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New translation tweaks to sacrament of penance take effect this Lent

A file photo shows a crown of thorns at St. Bonaventure Church in Paterson, N.J. The sacrament of penance in the Roman rite sounds slightly different this Lent, thanks to approved changes in the English translation set to take effect in a few weeks. (OSV News photo/Octavio Duran)

(OSV News) — The experience of the sacrament of penance in the Roman rite will be slightly different this Lent, thanks to approved changes in the English translation set to take effect in a few weeks.

Starting Ash Wednesday — which takes place this year on Feb. 22 — the prayer of absolution will include three modifications, so that the revised version will read as follows:

“God, the Father of mercies,
through the death and resurrection of his Son
has reconciled the world to himself
and poured out [formerly “sent”] the Holy Spirit for [previously “Holy Spirit among us for”] the forgiveness of sins;
through the ministry of the Church
may God grant [instead of “give”] you pardon and peace.
And I absolve you from your sins
in the Name of the Father, and of the Son, and of the Holy Spirit.”

The new text was adopted by the U.S. Conference of Catholic Bishops during its Spring 2021 meeting, with the Vatican’s Dicastery (then-Congregation) for Divine Worship and the Discipline of the Sacraments approving the text in April 2022. As of April 16, 2023, the Second Sunday of Easter known also as Divine Mercy Sunday, the revised formula for absolution is mandatory.

“The essential part of the absolution formula has not changed,” said Father Andrew Menke, executive director of the USCCB’s Secretariat for Divine Worship, during an Oct. 25, 2022, webinar co-sponsored by his office and the Federation of Diocesan Liturgical Commissions.

During his presentation, Father Menke admitted the bishops had debated whether the minor changes were worth undertaking. However, he said the consensus favored striving for a more accurate translation from the Latin.

Father Menke noted penitents “who can be a little scrupulous” might panic if priests — many of whom “have said this prayer literally thousands of times” — inadvertently use the old form of absolution.

“They might be concerned (that absolution) doesn’t count,” he said.
Yet he stressed that “the heart of the sacrament” remains intact, and the absolution is still valid.

While not a major alteration, the update to the text nonetheless offers “a wonderful opportunity to reiterate and teach the importance of the sacrament of penance as a staple for living the Christian life,” Father Dennis Gill, director of the Office for Divine Worship at the Archdiocese of Philadelphia, told OSV News ahead of a Jan. 31 webinar he plans to give on the topic. “It’s also a wonderful opportunity to catechize about the sacrament itself.”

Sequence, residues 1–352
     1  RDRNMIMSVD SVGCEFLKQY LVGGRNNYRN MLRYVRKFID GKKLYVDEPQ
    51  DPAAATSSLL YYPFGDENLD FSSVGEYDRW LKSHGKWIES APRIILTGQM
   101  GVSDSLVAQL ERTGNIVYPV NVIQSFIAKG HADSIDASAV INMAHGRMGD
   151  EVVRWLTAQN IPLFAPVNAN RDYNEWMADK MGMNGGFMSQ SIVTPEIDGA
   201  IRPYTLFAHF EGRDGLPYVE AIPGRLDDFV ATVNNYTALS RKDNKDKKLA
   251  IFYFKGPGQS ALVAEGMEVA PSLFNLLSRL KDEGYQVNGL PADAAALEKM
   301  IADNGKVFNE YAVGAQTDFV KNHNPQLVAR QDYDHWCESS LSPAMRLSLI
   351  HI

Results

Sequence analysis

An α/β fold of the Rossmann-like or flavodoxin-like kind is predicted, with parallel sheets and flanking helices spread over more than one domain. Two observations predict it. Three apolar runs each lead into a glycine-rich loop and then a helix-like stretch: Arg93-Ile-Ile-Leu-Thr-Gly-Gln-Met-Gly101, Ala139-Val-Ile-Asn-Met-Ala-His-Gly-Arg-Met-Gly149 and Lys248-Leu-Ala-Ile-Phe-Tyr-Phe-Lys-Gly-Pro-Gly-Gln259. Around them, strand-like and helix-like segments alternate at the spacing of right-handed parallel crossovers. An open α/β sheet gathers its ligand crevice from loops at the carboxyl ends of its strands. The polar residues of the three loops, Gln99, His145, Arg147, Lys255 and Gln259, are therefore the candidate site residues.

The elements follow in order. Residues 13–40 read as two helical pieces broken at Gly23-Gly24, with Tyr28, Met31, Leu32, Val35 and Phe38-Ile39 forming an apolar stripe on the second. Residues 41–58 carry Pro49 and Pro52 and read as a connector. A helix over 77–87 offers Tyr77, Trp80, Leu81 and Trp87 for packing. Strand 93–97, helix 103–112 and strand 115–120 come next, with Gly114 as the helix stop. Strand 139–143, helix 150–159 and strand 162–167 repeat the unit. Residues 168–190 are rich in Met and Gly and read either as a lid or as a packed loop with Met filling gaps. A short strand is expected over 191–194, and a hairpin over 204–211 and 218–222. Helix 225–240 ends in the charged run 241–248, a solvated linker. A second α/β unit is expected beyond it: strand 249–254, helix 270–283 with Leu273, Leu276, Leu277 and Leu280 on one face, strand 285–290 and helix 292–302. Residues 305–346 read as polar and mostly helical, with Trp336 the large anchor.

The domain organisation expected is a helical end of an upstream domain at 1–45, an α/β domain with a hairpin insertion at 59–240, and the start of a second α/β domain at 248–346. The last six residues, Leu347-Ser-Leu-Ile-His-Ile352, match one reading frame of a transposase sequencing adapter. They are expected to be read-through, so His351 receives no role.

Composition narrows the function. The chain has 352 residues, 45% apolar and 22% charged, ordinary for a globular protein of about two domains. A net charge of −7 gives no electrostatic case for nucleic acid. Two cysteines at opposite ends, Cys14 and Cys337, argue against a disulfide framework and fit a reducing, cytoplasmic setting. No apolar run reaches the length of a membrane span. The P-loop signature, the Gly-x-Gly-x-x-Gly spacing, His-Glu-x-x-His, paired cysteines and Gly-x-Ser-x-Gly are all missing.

Father Menke noted in his October 2022 webinar that the updates are part of a broader effort by the Vatican to ensure accuracy in the translation of liturgical texts.

“It’s not due to anything against the Latin texts,” he said. “It’s based on the fact that the Holy See instructed the bishops of the world at the beginning of the 21st century that our translations needed to be more accurate.”

Liturgical texts have been revised throughout church history under papal direction: St. Pius V modified both the breviary and the missal in response to the Council of Trent, while St. Pius X, Pope Pius XII and St. John XXIII, who convened the Second Vatican Council, all significantly furthered such efforts.

Noting several difficulties in the practical application of Vatican II’s liturgical reforms, St. John Paul II stated in his 1998 apostolic letter “Vicesimus Quintus Annus” the need “to remedy certain defects or inaccuracies, to complete partial translations … (and) to ensure respect for the texts approved.”

The 2001 document “Liturgiam authenenticam,” issued by the Vatican’s then-Congregation for Divine Worship and the Discipline of the Sacraments, developed the scope of the project, which first resulted in the 2011 full retranslation of the Roman Missal.

Since then, “we’ve dutifully been going through the books one by one with the assistance of ICEL (the International Commission on English in the Liturgy) and preparing new editions of these books,” said Father Menke in his presentation.

So far, he said, new English translations of liturgical books have been completed for confirmation (2015), matrimony (2016), exorcism (2017), the dedication of a church (2018), the blessing of oils (2019), the baptism of children (2020) and ordination (2021).

The updates do not imply that “the (older versions) are heretical,” Father Menke told OSV News Jan. 30. “It’s just that church authorities have determined we might do better.”

The translation process is a rigorous one, with plenty of opportunities for bishops to review and reconsider the proposed updates, he added.

ICEL contracts with translators who prepare texts for consideration by the 11 bishops’ conferences that are full members of the commission: Australia, Canada, England and Wales, India, Ireland, New Zealand, Pakistan, the Philippines, Scotland, South Africa, and the U.S.

The bishops representing those conferences in ICEL then evaluate the translators’ work and, once approved, texts are then provided to the various bishops’ conferences for evaluation by all of their members.

Each bishops’ conference decides whether to implement and publish the eventual final version, Father Menke told OSV News.

As the translations are completed, he looks forward to a slightly slower work pace.

“There’s been this (ongoing) change for the last 10 years or so, with new books coming out,” said Father Menke. “I hope 10 years from now we’ll start a period of stability that will last a long time.”

Gina Christian is a national reporter for OSV News.

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